Response: Sugar consumption among Americans is above recommended limits and this excess intake may have important health implications.

This study examined the associations of pregnancy and offspring sugar consumption, as well as sugar-sweetened beverages, other beverages (diet soda, juice), and fruit consumption with child cognition.

This study found that when pregnant women or their children consumed greater quantities of sugar, as well as when women consumed diet soda during pregnancy, this was associated with poorer childhood cognition.  However, children’s fruit consumption was associated with higher cognitive scores.

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Link Between Epilepsy Drugs and Increased Risk of Dementia

MedicalResearch.com Interview with:
Britta Haenisch, PhD

Pharmacoepidemiology in Neurodegenerative Disorders
German Center for Neurodegenerative Diseases,
DZNE 

MedicalResearch.com: What is the background for this study? What are the main findings?

Response: Antiepileptic drugs (AEDs) have been shown to affect cognition by suppressing neuronal excitability and increasing inhibitory neurotransmission. Previous studies suggested that AEDs may be associated with cognitive adverse effects. Therefore, we evaluated the association between AED use and incident dementia and Alzheimer’s disease (AD).

We utilized large longitudinal datasets from Finnish health registers and from German health insurance data. The case-control analyses was adjusted for several potential confounders like comorbidities and polypharmacy. The inclusion of a lag time between . Antiepileptic drugs use and dementia diagnosis allowed minimization of protopathic bias.

Our study provides an association between regular prescription of  antiepileptic drugs with known cognitive adverse effects and the occurrence of dementia and AD in patients aged 65 years and older.  Continue reading

Despite Advancing Neonatal Health, Preterm Babies Still Risk Cognitive Impairment

MedicalResearch.com Interview with:

Sabrina Twilhaar, MS, PhD candidate Child Study Group, sectie Klinische Neuropsychologie Vrije Universiteit Amsterdam

Sabrina Twilhaar

Sabrina Twilhaar, MS, PhD candidate
Child Study Group, sectie Klinische Neuropsychologie
Vrije Universiteit Amsterdam

MedicalResearch.com: What is the background for this study? What are the main findings? 

Response: It is well-known that preterm birth has negative consequences for cognitive development.

During the early 1990s important progress in neonatal health care resulted in a considerable increase in the survival of preterm infants. Earlier meta-analyses showed large differences in intelligence between very preterm and full-term born children. However, these meta-analyses included mostly studies on children born before 1990. Because of the advances in neonatal health care since that time, it was important to update our knowledge on the outcomes of more recently born preterm infants. We combined the results of 71 studies, together including 7752 very preterm and 5155 full-term born children, and found a difference in intelligence between very preterm and full-term children that was still large.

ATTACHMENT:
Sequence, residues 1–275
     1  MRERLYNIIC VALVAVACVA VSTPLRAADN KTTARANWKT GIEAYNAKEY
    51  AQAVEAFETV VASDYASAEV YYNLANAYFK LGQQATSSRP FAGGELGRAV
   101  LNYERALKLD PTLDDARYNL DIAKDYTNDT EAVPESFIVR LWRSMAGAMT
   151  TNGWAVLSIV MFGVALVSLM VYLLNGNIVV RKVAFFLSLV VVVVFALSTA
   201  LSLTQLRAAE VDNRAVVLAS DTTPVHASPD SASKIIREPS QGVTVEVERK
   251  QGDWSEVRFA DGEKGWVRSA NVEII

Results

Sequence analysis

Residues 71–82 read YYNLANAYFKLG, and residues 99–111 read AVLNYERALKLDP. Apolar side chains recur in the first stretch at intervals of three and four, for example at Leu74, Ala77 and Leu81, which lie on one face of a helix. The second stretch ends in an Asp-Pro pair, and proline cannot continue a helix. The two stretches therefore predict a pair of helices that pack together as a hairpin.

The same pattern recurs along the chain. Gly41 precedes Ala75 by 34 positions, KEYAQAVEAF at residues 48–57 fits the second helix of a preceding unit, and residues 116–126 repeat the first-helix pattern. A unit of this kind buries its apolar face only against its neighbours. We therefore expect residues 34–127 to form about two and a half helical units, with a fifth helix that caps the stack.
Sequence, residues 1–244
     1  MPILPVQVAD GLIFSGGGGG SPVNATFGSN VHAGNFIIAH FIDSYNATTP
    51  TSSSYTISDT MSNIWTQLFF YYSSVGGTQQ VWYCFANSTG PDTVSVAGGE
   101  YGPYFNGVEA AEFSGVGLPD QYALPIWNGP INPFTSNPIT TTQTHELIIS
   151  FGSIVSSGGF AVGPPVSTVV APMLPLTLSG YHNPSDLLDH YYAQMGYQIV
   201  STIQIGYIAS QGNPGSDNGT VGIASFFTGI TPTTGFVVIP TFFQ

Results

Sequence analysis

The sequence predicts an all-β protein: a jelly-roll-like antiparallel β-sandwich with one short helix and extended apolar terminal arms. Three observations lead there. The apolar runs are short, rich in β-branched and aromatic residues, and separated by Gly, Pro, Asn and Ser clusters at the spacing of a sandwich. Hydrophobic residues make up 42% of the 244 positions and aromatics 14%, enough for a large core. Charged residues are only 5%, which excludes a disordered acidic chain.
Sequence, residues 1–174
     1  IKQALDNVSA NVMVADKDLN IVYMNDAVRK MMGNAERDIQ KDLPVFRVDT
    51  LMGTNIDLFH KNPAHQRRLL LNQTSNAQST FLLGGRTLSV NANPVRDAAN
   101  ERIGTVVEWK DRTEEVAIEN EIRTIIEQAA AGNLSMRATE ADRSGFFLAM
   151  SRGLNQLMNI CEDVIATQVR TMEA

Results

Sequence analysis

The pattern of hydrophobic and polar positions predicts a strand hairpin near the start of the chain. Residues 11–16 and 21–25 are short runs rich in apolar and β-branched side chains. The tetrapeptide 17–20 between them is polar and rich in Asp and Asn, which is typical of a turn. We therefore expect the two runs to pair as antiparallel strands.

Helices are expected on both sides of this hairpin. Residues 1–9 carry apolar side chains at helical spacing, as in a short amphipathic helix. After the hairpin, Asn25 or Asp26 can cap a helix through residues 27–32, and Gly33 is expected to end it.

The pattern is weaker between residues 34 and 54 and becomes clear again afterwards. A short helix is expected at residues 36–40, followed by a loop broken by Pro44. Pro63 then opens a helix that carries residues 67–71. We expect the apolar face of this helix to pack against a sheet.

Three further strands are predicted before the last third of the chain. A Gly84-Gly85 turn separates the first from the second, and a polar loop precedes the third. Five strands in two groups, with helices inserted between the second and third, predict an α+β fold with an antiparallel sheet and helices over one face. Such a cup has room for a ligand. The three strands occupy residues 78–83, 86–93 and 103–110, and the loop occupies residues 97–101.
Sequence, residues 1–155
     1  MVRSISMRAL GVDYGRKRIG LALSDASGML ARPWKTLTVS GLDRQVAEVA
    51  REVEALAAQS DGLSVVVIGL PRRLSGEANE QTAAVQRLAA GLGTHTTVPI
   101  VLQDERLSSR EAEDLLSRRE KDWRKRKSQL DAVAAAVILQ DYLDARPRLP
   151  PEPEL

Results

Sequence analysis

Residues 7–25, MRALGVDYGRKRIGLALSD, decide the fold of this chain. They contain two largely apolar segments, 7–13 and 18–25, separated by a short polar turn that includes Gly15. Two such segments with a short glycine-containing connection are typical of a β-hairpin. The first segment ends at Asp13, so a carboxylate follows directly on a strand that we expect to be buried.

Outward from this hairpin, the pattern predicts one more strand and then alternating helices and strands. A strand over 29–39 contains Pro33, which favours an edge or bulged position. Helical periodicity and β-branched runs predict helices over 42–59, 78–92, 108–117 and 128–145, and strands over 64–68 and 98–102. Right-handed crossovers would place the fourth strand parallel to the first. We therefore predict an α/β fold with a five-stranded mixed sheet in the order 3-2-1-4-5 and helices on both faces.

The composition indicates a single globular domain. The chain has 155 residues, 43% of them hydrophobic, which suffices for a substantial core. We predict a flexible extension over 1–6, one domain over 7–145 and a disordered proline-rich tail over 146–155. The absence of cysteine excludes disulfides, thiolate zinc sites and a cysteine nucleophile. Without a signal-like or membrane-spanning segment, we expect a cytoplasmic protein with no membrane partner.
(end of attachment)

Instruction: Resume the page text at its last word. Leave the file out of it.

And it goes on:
Interestingly, despite advancing neonatal health care, we also found no indication of improvement in the cognitive outcomes of very preterm born children during the period from 1990 to 2008. In addition, we searched for factors that increase the risk for poor cognitive outcomes in these children and we found that children with a chronic lung disease that is amongst others caused by mechanical ventilation of the immature lungs are even more at risk for poor cognitive outcomes.

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What is the Biggest Modifiable Risk Factor For Dementia? Alcohol

MedicalResearch.com Interview with:
“undefined” by Iñaki Queralt is licensed under CC BY 2.0Michaël Schwarzinger, MD, PhD

Translational Health Economics Network (THEN)
Paris

MedicalResearch.com: What is the background for this study? What are the main findings?

Response: The association of heavy drinking with dementia has been known for decades. For instance, there is about no Wernicke–Korsakoff syndrome without heavy drinking and the syndrome was described in 1890. But this type of dementia is very rare. Also, heavy drinking is knowingly associated with multiple risk factors for dementia onset such as hypertension or diabetes. But heavy drinkers generally refuse to participate to cohort studies and declaration of alcohol use among participants is generally biased downward… So the study rationale is very strong, but supporting empirical evidence is quite scarce.